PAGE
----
I just registered my “dummy” iPhone - Macenstein

I just registered my “dummy” iPhone

Above: Don’t bother, I already registered it.

Remember a couple weeks back I reviewed that “dummy” iPhone from USB Fever? The company claimed aside from the actual “working parts”, it was a real iPhone made from the same OEM parts as the real iPhone. Well, yesterday I was showing it to a friend at work, and I joked how it would be funny to take the iPhone into Apple, tell them it wasn’t working, and try to swap it out for a replacement (just to see what would happen, of course). I pointed out that the dummy was so real, it even has a serial number on the back.

Upon seeing the number, my friend then suggested the most brilliantly obvious thing, I am sad to say I didn’t think of it. “Well, let’s register it then, and see what happens.”

“Register it?” Hmm… OK!

Well, sure enough, I went to Apple’s register a product page, selected “iPhone”, entered my dummy iPhone’s serial number, and “BOOM!” (to quote the great one) it was accepted. This morning I got my confirmation e-mail. (Below)

So, the big question is, now what? I suppose an unscrupulous person could use this information for evil… I’m just not sure how. Without a recent sales receipt I couldn’t really try to return it as defective, and the fact that there is not a working dock connector would likely be noticed anyway (although it WOULD be fun to see how long it took the “geniuses” to figure out it was a fake).

I suppose the only thing we can all take away from this is that yes, these dummy iPhones really do seem to be made from Apple OEM parts, and now Apple thinks I own 2 iPhones, for whatever that’s worth. Hmmm.. I wonder if they’d let me purchase AppleCare on it. After all, I’d hate for it to break…

7 Responses to “I just registered my “dummy” iPhone”
  1. Ryanm says:

    That is pretty interesting information – and I’d like for you to try swap it. Apple doesn’t require receipts to fix products under warranty – they look up the warranty status in their database by searching the serial number – which is now legit.

  2. Go on and trie it. I’d like to know what are de “geniuses” reaction to this…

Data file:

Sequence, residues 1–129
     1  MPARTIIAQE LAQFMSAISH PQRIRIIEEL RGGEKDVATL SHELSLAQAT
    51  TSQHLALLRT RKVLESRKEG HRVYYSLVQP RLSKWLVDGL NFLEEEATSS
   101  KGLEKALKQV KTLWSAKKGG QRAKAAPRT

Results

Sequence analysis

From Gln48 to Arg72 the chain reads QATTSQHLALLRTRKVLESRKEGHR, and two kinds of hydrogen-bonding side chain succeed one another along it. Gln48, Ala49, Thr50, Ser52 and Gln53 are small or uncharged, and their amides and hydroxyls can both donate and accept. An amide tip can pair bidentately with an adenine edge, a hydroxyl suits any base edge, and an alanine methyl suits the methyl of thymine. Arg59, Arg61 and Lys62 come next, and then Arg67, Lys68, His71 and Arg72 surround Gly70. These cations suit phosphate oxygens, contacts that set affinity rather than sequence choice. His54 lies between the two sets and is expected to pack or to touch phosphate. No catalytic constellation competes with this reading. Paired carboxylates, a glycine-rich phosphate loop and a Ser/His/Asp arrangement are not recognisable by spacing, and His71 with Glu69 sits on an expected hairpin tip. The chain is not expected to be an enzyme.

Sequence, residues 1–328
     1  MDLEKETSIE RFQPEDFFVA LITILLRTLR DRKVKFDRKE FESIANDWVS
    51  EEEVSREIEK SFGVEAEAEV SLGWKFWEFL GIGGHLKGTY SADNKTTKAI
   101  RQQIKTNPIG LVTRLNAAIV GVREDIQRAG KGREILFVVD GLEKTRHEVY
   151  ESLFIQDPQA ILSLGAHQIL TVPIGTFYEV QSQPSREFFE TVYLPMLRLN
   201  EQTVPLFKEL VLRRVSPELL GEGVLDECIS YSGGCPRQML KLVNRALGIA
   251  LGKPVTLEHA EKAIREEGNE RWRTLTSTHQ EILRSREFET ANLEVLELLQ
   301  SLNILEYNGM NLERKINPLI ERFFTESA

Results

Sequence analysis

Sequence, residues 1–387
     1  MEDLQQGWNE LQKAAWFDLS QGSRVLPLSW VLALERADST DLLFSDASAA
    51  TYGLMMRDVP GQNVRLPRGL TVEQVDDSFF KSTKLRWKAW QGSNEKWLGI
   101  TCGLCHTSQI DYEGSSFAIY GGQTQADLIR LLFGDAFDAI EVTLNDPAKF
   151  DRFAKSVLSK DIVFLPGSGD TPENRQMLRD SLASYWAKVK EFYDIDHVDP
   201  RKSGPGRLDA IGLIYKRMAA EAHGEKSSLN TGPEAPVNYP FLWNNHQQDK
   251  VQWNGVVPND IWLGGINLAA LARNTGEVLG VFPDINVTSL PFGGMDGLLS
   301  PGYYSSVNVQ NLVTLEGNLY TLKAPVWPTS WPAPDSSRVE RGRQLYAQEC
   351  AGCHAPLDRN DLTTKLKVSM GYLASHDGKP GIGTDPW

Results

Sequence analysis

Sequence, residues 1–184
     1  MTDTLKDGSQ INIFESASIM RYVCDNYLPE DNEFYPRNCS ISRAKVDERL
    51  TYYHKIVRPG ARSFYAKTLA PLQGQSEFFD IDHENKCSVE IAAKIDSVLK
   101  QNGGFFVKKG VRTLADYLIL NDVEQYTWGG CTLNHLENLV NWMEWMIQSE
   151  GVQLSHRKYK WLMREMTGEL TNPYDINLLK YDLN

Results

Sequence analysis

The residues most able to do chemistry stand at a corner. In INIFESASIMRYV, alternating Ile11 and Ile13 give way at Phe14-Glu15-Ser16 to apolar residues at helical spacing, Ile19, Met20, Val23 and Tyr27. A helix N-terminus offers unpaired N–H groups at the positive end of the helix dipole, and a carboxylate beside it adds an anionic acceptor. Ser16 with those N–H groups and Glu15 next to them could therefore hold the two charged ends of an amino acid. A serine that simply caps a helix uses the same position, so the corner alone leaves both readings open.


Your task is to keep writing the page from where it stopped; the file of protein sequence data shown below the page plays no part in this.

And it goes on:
3. Hey guys,
    yeah, well, I would be all for trying to fool the geniuses, but knowing Apple’s policy on Apple Store shenanigans, I am a bit wary. I figure, odds are they would look up the serial number, get my name/address, and then realize it is a fake, and at best ban me from the Apple Store, at worst decide to prosecute me for fraud/theft, in trying to get them to give me a new free iPhone.
    Maybe a Tom Green or someone with a TV show and history of wacky behavior could pull it off, but I am not Tom Green (thank God).

    -The Doc

  4. Tice says:

    Great idea! How about getting an iPhone contract on that? 😉

  5. Quinton says:

    Thats awesome! Take it to the apple store and try to turn it in as defective and post a video of your experience here!

  6. moonmen says:

    What you’ve probably done is use some unsuspecting future customer’s serial and committed fraud…

  7. john says:

    “Our records indicate this product has not been activated. Learn how to activate your iPhone. Please note that warranty service is not dependent on activating your iPhone..”

    I would defiantly not recommend trying to fool a genius, it’s fraud and Apple will prosecute you. Someone tried to pass-off a wooden cinema display in a box even pained to look like the real deal. Apple was fast to go after the stupid guy.

    Any average mac genus would catch it pretty fast when they tried opening it to switch your sim card and the fact the mirror apple on the back looks like crap lol. Just buy a real iphone 🙂

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